A scoop of vanilla ice cream with rainbow sprinkles is...

A scoop of vanilla ice cream with rainbow sprinkles is one of the bestsellers at Hildebrandt's in Williston Park. Credit: Bruce Gilbert

Stop holding your breath: Hildebrandt’s is not closing — at least not any time soon.

"We're going to be open for another 35 years," Spencer Singer, one the iconic Williston Park ice cream parlor's new owners, told a visibly relieved customer who'd been coming in for more than three decades.

In the summer of 2020, the Long Island ice cream world was rocked by the news that, according to Hildebrandt’s longtime manager, Tom Bauman, a prospective new landlord was, planning to “gut the store, put in a coffee shop and maybe sell ice cream — but not our ice cream.” The outcry was swift. The last two years have seen much writing of letters, signing of petitions and, especially, desperate social media posts bemoaning the closing of the shop, which opened on Hillside Avenue in the 1920s. The story — and the posts — went wider than Long Island; Hildebrandt’s vintage facade is famous among neon-sign aficionados across the nation.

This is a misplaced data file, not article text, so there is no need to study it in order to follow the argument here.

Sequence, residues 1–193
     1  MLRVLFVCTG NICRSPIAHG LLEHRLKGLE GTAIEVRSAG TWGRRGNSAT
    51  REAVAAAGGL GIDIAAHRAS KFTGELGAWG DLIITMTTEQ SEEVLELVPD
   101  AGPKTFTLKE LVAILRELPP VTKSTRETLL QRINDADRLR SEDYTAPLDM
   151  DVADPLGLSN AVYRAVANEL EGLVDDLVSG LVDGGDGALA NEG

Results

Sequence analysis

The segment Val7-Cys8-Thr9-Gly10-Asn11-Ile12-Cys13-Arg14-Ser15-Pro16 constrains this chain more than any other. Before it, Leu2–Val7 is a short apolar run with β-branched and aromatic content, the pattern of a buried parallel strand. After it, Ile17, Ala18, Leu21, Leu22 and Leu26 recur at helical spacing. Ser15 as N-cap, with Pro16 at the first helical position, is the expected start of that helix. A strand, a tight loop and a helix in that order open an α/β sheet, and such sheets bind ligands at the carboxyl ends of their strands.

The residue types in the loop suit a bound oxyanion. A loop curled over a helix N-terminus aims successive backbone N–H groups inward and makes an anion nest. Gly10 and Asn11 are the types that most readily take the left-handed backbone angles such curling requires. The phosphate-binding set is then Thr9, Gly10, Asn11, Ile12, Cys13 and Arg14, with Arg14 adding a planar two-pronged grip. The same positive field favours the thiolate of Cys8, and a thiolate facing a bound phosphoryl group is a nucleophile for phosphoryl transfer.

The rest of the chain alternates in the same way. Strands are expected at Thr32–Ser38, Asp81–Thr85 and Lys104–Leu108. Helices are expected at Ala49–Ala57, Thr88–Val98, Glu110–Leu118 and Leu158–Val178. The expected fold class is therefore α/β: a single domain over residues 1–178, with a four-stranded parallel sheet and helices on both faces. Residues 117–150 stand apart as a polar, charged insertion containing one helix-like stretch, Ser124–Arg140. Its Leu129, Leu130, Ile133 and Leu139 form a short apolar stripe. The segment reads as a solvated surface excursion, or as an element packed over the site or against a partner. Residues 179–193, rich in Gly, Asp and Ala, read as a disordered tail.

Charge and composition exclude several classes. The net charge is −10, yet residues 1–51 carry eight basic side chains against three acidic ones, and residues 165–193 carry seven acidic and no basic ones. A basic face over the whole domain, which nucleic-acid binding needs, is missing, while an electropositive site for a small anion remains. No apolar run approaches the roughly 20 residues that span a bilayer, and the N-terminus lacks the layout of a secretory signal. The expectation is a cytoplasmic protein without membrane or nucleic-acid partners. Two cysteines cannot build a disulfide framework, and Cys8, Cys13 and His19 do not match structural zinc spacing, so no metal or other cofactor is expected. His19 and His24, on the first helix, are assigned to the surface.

Deliverance came via Singer and Randy Sarf, friends since their Great Neck childhoods, themselves customers with decades of Hildebrandt’s sundaes under their belts. Sarf, who owns a financial services firm, had been considering the purchase for a while and, in May, he suggested to Singer that the two go into business together. Singer, who has worked in fashion and nightlife (among other sectors) had been consulting since the beginning of the pandemic; he plans to be the day-to-day manager.

Spencer Singer, left, and Randy Sarf are the new owners...

Spencer Singer, left, and Randy Sarf are the new owners of Hildebrandt’s in Williston Park. Credit: Newsday/Erica Marcus

Singer and Sarf said they negotiated a 10-year lease with the new landlord and secured assurances from the existing crew, including Bauman and owner Bryan Acosta, that they will stay on for at least a year.

The new owners said they have no intention of tinkering with Hildebrandt’s success. “We understand what makes this place special,” Singer said. “We only want to update the equipment, fix what needs to be fixed, spruce up the interior, bring it back to fighting weight.”

The future might bring a new air-conditioning system, tables outside, a new window on the side of the building, restoration of some of the original architectural details. But for now, the two men have their hands full learning the business and accepting the thanks of grateful ice cream fans.

Hildebrandt's is at 84 Hillside Ave., Williston Park, 516-741-0608, hildebrandtsrestaurant.com.

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